In 2017, on the corner of East Third and Adams street, you would notice a strip mall that includes a Rite Aid, a laundromat, a restaurant, and a tanning salon. However, this structure has not always been there. In the 1870s the “Wigwam” was a one-story building that served as a political gathering spot before turning into a market. The picture to the right was found in the Semi-Centennial Souvenir History 1865-1915 of the Borough of South Bethlehem, PA.
A Bethlehem Press history article from 2016 stated, “In 1872, [Horace] Greeley supporters held presidential campaign meetings in “The Wigwam,” a 40-by-115-foot, one-story wooden frame structure, which they constructed on the corner lot flanked by E. Third, Birch (now Adams) and Mechanic Sts. in South Bethlehem” (1). When there was no longer a need for the Wigwam, it was sold in 1874 at auction for $150. Those who bought the building were a part of the South Bethlehem Market Company and renamed the “Wigwam” the Market House.
The Bethlehem Press article mentions, “Open early on Tuesday, Thursday and Saturday mornings, the first Market House featured a middle aisle paved in brick that ran the length of the building from E. Third to Mechanic Sts. Farmers and vendors drove off the streets and parked alongside the Market House, where their horse-drawn wagons were unloaded. Exterior doors gave them access to stands in partitioned stalls, where they sold meats, poultry and fresh produce” (1).
In 1878, the Borough of South Bethlehem leased the building from the South Bethlehem Market Company and in 1881 bought the building for $1000. Eventually the Borough bought the Market House and began to regulate garbage, weights, and measures in order to assure customers were treated fairly. As population increased, there was a demand for a larger market. In 1890, the old wooden Market House was razed and the adjoining lot was purchased.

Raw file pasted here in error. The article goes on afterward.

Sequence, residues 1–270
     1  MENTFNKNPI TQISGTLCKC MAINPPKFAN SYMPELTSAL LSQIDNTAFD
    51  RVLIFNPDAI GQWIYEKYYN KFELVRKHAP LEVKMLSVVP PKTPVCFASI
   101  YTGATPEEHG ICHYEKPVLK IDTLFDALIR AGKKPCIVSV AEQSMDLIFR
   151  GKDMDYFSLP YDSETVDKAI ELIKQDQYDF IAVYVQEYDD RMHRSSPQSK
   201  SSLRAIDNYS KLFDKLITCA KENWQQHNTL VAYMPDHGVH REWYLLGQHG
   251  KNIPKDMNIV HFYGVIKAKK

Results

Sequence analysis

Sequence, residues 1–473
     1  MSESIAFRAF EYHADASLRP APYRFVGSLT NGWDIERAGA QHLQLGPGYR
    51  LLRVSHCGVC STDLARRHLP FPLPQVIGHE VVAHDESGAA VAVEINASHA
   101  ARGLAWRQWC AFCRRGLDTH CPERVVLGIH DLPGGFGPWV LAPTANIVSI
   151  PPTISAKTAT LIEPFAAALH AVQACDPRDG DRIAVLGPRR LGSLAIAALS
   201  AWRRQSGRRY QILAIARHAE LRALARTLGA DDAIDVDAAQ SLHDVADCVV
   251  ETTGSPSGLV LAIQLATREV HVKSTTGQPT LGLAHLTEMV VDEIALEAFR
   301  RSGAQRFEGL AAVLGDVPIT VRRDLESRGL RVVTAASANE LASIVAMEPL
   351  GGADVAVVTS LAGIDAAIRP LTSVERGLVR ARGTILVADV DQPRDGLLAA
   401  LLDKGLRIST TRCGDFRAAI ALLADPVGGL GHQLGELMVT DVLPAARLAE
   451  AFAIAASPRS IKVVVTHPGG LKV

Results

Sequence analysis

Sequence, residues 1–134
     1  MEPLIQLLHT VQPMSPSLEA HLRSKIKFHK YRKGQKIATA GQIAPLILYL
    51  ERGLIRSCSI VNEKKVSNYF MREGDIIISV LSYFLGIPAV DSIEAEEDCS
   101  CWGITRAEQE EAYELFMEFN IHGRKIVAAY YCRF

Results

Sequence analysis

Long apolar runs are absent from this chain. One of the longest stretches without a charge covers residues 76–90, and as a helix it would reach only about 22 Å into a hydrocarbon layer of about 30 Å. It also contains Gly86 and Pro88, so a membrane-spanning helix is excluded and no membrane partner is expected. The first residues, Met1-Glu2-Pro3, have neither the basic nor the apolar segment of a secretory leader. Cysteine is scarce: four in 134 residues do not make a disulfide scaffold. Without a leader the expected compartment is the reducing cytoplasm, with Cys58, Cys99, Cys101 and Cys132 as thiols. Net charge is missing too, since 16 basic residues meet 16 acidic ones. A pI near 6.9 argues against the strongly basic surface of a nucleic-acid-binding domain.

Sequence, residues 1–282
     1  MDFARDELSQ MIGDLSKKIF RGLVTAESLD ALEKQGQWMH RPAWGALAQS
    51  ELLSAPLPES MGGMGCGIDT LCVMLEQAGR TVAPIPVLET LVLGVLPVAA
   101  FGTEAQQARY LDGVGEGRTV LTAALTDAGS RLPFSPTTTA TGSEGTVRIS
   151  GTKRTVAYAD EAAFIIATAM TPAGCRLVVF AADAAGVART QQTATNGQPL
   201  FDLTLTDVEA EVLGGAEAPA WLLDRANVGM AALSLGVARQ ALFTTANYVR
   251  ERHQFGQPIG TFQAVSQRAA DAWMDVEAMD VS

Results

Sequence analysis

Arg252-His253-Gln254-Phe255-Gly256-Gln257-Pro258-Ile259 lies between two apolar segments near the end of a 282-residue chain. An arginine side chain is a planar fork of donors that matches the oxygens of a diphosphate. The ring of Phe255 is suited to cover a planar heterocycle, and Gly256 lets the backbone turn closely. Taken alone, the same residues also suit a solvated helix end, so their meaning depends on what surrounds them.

The borough hired architect A.W. Leh to design a substantial three-story brick Municipal Market House. The Bethlehem Press vividly describes the structure,
On the first floor, the walls of the Market room were covered with white ceramic tiles. Electric light fixtures suspended from the ceiling and tall, wide arched windows illuminated the 136 stalls, rented semi-annually. This brought the Borough $5,000 in revenue.
The second floor contained offices, including that of the mayor, the police station and borough officials; the third floor was set aside for use by the public for meetings. The stone basement contained the lock-up (jail) and the boiler room. In all, the new structure offered vendors, patrons and office workers modern electric service, radiant heat, hot and cold running water and public rest rooms (1).
This market was known by many residents of South Bethlehem and included multiple vendors. South Bethlehem native Carol Henn blogged, “I remember almost every inch of the Municipal Market at Third and Adams St. I can still picture Rich’s Produce stand, Peter Heinrich’s Sausages, and Joe Phillips’s Meats. The Bethlehem Police Department was crowded into the second floor space above the Market” (2).
After many years of service, by the 1960s the lower floors became vacant and neglected, probably a victim of shopper preferences for modern grocery stores, and the police department was moved to the new City Center on Church Street on the North side of Bethlehem. The vacant building was razed, leaving only a large empty lot on that corner, for more than a decade. After one proposal in 1989 to build a mall-like shopping and entertainment center, the current strip mall was designed and built on the Market House site by the mid-1990s. Even though one might not notice it today, the location on the corner of east 3rd and Adams street played a significant part in the rich history of South Bethlehem.
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